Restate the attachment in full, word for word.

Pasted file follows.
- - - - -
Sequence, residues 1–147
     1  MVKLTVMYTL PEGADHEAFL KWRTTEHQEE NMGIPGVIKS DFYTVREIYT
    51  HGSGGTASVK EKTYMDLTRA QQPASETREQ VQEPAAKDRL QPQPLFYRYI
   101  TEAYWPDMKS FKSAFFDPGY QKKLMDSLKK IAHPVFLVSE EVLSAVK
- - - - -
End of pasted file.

Sequence, residues 1–147
     1  MVKLTVMYTL PEGADHEAFL KWRTTEHQEE NMGIPGVIKS DFYTVREIYT
    51  HGSGGTASVK EKTYMDLTRA QQPASETREQ VQEPAAKDRL QPQPLFYRYI
   101  TEAYWPDMKS FKSAFFDPGY QKKLMDSLKK IAHPVFLVSE EVLSAVK